Strategies for adult learners with learning difficulties to become active and knowledgeable citizens
The goal most teachers of adult students have is to help our students become active citizens and to help them understand the society in which they live. How we encounter students’ current knowledge of society varies in the different fields we teach and we meet our students differently according to our different target groups. Also, the ways we approach, and in a classroom setting deal with, the skills required for active citizenship, are as many as there are teachers. In teaching an adult student with learning difficulties the idea of “building citizenship” can sometimes seem difficult to implement.
In adult education, we encounter students with a range of learning difficulties, such as intellectual disability, ADD/ADHD, autism spectrum disorder, social phobia, speech impairment and other forms of functional variations.
Depending on the challenges the students face, the activities to enhance and reinforce active citizenship are addressed with means such as digital learning through social media and different online learning tools and learning sites. Discussions about society in an informal and tolerant classroom climate also help students address the questions they have not previously dared or known to ask or explore.
Classroom activities can be a way to open up to a new world of engagement in society. Society has for some previously been an insurmountable hurdle of rules, regulations, unspoken ways to interact, cultural notions of what is right and wrong, difficult words and expressions, connections to history that is unknown and hard to understand and so on. Society can be a pretty intricate web of rather loose or tight connections and being better equipped to untangle that web is valuable for most people. Better understanding one’s rights in society, as well as one’s obligations, gives a new dimension to being a citizen.
Building citizenship to become a more active citizen can greatly enhance the students’ sense of coherence ( SOC). Enhancing a person’s understanding of and involvement in society can also be the stepping stone to becoming more independent. That applies to a large extent to students who have immigrated and are somehow new to the country. Perhaps their learning difficulties have not previously been openly addressed and perhaps present society in the new country is so different that new possibilities but also new challenges may have arisen.
Designing lessons that give every student the possibility to access its content regardless of learning disability is a way that also brings on a sense of our individual functional variations being just that – variations. Learning material and resources (digital or other) that are available to everybody, and not exclusively to the ones most in need, reduce the differences and create a feeling of equality or sameness among the students. The variations among the students in this way become the assets of the learning situation since the learning situation becomes more accessible to everyone - with or without learning difficulty.
Classroom situations can also be the way to practice valuable digital skills required for actively taking a greater part in society, as well as learning how to access information and critically analyze it.
Functional variations and the way we address and meet these are crucial to students’ accepting of their learning disabilities. Open dialogue and addressing the importance of self-awareness is something really worth spending time on in mentoring students with learning difficulties, who oftentimes have spent a lot of time compensating for their difficulties and sometimes trying to hide them as well. Taking part of society, in one's own way, then becomes a goal in itself. But before that can be done, one has to dare to acknowledge one´s hurdles and lift up one’s strengths. On top of that, students with intellectual disabilities, or other learning difficulties, benefit greatly from having learned strategies to detect when they are exposed to different power structures, such as ableism. Learning to stand up for oneself, being more grounded in one´s own skills and one´s value, becomes a worth-wile bonus in teaching about citizenship.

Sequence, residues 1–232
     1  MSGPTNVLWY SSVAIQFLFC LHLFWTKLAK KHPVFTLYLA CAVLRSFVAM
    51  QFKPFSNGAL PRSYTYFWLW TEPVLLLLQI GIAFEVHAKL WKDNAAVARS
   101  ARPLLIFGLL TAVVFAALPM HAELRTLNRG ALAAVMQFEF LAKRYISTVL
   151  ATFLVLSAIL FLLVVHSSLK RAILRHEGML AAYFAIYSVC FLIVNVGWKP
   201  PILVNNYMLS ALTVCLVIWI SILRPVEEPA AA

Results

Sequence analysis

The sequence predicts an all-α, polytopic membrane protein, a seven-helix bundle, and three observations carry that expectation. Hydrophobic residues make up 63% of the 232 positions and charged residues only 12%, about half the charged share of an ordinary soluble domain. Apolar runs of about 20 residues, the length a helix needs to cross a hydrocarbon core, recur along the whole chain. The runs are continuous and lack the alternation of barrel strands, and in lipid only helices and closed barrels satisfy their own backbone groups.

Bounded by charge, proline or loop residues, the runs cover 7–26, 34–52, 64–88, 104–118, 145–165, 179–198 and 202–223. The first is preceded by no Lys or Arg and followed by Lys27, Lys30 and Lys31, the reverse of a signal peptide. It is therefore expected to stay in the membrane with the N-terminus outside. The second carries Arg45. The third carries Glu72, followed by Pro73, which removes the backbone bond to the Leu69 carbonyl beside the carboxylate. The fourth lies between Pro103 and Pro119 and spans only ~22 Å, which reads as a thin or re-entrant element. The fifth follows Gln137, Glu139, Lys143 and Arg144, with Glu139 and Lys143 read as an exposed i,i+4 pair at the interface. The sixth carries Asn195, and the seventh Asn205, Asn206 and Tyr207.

In almost every subject we can incorporate aspects of citizenship. We can address different issues in different ways, using different modalities so that the variation itself strengthens students’ possibilities to succeed.
Carefully planning how to incorporate citizenship-building in the existing plan for the course and giving the students the study plan in order for them to be able to prepare and plan their own work is also a recipe for success. The plan is especially important for the student who has challenges in learning, in order to be able to prepare in whichever way best for that particular student’s success in learning.
Building citizenship does not have to involve classroom activities alone. Cooperating with a guidance counsellor and inviting different groups/institutions into the classroom or visiting them where they are, presents a path to broaden input and understanding for what are important citizenship-skills. Additionally, by implementing cooperative strategies into the learning processes, students learn to rely on their own capacity and to cooperate in a symmetric structure of power and not only in a hierarchical one. This is a valuable skill in society.
One recipe for a teacher to help students to build citizenship-skills can be:
- Universal learning design and universal learning resources in the classroom
- Practising valuable skills needed in society
- Create a tolerant classroom climate where questions can be addressed
- Help students work on self-awareness
- Planning how to incorporate citizenship-building in the classroom setting